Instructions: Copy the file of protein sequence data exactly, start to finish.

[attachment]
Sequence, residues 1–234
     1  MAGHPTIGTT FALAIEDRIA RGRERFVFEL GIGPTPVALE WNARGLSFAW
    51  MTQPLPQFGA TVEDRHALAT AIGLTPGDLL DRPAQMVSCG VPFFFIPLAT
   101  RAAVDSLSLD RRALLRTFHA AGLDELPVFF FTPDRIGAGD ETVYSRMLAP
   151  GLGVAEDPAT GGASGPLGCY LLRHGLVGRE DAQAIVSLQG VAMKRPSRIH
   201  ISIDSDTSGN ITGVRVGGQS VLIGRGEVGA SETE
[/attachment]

Sequence, residues 1–234
     1  MAGHPTIGTT FALAIEDRIA RGRERFVFEL GIGPTPVALE WNARGLSFAW
    51  MTQPLPQFGA TVEDRHALAT AIGLTPGDLL DRPAQMVSCG VPFFFIPLAT
   101  RAAVDSLSLD RRALLRTFHA AGLDELPVFF FTPDRIGAGD ETVYSRMLAP
   151  GLGVAEDPAT GGASGPLGCY LLRHGLVGRE DAQAIVSLQG VAMKRPSRIH
   201  ISIDSDTSGN ITGVRVGGQS VLIGRGEVGA SETE